Spiegel reporter Catherine Cheney interviewed Carolyn Banfalvi, who guides tourists around Hungary on gourmet tours. This expert, in a position to know exactly what the local diet consists of, is quoted as saying:
Hungarians are really into desserts… the salads are just different plates of pickled vegetables… What they call bacon here is often pieces of pure lard…
Apparently, the national cuisine also involves copious amounts of goose fat. Last fall, the government ruffled some feathers by instituting a “fat tax.” Cheney says:
The Hungarian government argues that this kind of diet is also leading to obesity and increased health problems, and that those who partake in indulgences like sweets should also pay a premium to help offset those costs… Hungarians will have to pay… tax on foods with high fat, sugar and salt content, as well as increased tariffs on soda and alcohol… In other words, the new law is based on the idea that those whose diets land them in the hospital should help foot the bill…
This piece, incidentally, comes with a terrific chart titled “Obesity Rates Among Adults in Europe,” a very interesting hunk of information graphic whose information compiled by the Organization for Economic Cooperation and Development, the Eurostat Statistics Database, and the World Health organization. In that neck of the woods, the fattest country is Great Britain, with 24.5% of its population obese, followed by Ireland, Malta, Iceland, and Luxembourg. The skinniest is Romania, with only 7.9% of its population obese, going up from there with Switzerland, Italy, Norway, and Sweden.
The results of Hungary’s new tough-love policy will be closely watched by other European countries, all of whose budgets are being strained by healthcare costs. Some others have in fact already begun taxing unhealthy foods.
Austria and Switzerland, Cheney says, have already banned trans fats, following the example set by Denmark, which has become very strict. Denmark has been taxing candy for almost 90 years, and, of course, a tax is in place on sugar-sweetened beverages. Finland, also imitating Denmark, taxes soda, chocolate, and ice cream. Romania, already the slimmest of European countries, wanted to expand its already large array of taxes, but Cheney explains why the legislation didn’t go through:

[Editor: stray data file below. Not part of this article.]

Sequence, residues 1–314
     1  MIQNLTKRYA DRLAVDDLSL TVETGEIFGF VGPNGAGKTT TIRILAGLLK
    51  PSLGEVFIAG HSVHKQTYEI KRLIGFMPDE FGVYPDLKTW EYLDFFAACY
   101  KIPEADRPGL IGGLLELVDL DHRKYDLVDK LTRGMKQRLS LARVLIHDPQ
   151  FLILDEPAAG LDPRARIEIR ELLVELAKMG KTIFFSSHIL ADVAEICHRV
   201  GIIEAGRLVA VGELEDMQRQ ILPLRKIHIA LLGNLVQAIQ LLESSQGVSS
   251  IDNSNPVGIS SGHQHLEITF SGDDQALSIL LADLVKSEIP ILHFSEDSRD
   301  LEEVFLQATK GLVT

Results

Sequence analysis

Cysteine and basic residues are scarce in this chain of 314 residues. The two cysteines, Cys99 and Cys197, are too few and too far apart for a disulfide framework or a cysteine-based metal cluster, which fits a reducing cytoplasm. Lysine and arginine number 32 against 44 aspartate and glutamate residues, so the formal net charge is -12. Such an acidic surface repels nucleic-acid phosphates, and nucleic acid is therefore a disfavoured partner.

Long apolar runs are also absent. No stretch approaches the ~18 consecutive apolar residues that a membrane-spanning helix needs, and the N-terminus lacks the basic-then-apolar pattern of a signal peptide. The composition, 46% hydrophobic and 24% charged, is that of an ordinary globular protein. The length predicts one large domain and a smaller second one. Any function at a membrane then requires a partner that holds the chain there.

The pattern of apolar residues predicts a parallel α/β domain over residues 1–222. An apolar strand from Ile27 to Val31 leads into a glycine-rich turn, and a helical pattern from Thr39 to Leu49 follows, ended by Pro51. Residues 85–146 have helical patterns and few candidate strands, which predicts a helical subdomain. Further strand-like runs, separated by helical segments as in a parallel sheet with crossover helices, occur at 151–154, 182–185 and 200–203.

The idea was axed after the government considered its potential impact on consumers, particularly given rising food prices. There were also concerns that the tax might lead low-income Romanians to resort to even cheaper products, potentially worsening their diets.
The same argument can be made in Hungary, but they are going ahead anyway. The reporter obtained this comprehensive explanation from Lisa McCooey of Food Drink Europe, described as “an industry lobby group”:
The Hungarian tax is a tax on products with high sugar, salt, and/or caffeine; taxable products include soft drinks with added sugar, energy drinks with added sugar and caffeine, pre-packaged sweetened products, salty snacks, high salt content condiments, soup mixes, gravy mixes and bases.
But McCooey is also the reporter’s source for the bad news. Her organization feels that:
Scientific research shows that taxation is not an effective instrument in addressing consumer behavior and will have no impact on obesity rates. Consumer information and education, not tax, is the way to advance consumer understanding of healthy eating.
Hmmm. Sounds like something a lobbyist would say.
Your responses and feedback are welcome!
Source: “Hungary Introduces ‘Fat Tax,’”Spiegel.de, 09/01/11
Source: “Obesity Rates Among Adults in Europe,”Spiegel.de, 09/01/11
Image by Nico Crisafulli, used under its Creative Commons license.